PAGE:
“If fanaticism was the sickness in Catholicism, if Nazism was the sickness in Germany, then surely fundamentalism is the sickness in Islam.”
So writes homme de lettres Meddeb (Comparative Literature/Univ. of Paris X—Nanterre) by way of an opening salvo in a polemic sure to irk the ayatollahs. Fundamentalism, he argues, has taken hold of the Islamic world since 1979—the year of Khomeini’s triumphant revolution in Iran and the Soviet invasion of Afghanistan, events more than coincidentally linked—for any number of reasons, not least of them the decline of secular education and the proliferation of “semi-literate” followers of “candidates who claim the authority to touch the letter.” Other factors, by Meddeb’s account, are the general withering away of the Islamic world as an important place vis-à-vis the rest of the globe, a marginalization that began at least as far back as the 15th century and the transference of what he calls the “world-capital” “ever further away from the Islamic space”; the repudiation of Enlightenment-influenced attitudes on such matters as the liberation of women and universal suffrage; the failure of the Islamic world to develop any kind of meaningful, modern democratic tradition, and the failure of revolutionary leaders such as Atatürk of Turkey and Bourguiba of Tunisia “to rid themselves of the despotic tradition they had inherited”; and the rise of a strange kind of American imperialism that has done too little to remove the conditions conducive to creating “the man eaten away by resentment, a candidate for terrorist and insurrectional fundamentalism.” Meddeb’s analysis is provocative if touched by flights of rhetorical confoundedness of the sort beloved only by French philosophers. The payoff: Meddeb’s crystal-clear assurance that “al Qa’ida is destined to fail just as the Assassins failed . . . just as every similar movement throughout history has failed.”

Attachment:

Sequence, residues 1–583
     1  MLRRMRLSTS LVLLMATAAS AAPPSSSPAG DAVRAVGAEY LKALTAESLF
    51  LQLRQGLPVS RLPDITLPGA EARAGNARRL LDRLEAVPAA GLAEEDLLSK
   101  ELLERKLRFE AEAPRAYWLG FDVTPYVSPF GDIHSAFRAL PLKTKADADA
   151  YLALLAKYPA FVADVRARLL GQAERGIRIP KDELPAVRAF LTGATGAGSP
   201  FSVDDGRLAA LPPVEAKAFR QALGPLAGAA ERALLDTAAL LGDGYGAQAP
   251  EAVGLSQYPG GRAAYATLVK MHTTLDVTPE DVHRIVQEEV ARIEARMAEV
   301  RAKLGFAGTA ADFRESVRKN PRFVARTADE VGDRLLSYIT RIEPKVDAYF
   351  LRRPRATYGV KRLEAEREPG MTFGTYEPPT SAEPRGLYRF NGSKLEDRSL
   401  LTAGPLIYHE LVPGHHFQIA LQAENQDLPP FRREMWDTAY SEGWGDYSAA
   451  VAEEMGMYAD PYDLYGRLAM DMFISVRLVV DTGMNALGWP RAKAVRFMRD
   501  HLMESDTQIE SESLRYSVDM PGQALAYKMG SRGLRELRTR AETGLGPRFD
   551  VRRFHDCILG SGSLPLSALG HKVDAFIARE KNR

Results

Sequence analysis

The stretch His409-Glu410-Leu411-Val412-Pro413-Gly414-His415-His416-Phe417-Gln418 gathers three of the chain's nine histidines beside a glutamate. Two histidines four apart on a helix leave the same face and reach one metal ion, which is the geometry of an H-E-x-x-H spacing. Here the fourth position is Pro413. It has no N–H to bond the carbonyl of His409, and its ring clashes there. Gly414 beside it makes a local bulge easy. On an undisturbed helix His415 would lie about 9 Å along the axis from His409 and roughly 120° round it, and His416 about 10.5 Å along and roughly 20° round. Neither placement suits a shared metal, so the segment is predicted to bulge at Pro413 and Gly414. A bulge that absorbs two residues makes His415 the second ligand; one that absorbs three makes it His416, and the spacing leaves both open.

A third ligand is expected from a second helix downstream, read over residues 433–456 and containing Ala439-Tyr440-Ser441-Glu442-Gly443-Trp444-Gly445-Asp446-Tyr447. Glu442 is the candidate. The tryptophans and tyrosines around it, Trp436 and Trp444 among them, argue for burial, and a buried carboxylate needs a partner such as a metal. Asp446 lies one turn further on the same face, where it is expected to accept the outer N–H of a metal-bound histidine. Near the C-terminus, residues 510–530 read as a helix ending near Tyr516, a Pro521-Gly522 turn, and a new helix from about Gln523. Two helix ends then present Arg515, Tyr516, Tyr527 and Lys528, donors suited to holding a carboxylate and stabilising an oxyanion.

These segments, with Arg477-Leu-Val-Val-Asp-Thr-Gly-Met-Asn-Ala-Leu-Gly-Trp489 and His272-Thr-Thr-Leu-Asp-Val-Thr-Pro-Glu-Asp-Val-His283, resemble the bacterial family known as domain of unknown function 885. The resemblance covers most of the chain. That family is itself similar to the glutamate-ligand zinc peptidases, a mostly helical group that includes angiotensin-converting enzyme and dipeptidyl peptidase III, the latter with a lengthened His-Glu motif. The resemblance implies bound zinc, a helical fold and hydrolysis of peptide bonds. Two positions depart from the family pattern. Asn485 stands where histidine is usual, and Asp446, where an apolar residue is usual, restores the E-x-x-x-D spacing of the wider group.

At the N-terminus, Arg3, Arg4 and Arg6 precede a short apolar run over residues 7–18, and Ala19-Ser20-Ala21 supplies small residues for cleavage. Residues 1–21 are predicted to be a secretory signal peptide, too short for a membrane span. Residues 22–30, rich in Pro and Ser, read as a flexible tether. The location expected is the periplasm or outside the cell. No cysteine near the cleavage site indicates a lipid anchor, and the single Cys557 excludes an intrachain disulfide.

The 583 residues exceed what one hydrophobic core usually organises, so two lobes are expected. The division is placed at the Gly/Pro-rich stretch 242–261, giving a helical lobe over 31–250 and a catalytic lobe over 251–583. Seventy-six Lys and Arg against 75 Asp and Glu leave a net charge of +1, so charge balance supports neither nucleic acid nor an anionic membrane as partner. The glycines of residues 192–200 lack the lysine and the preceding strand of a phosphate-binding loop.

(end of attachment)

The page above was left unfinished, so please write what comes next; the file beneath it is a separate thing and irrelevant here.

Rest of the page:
For those seeking a window onto the Islamic world, though of tertiary importance at best.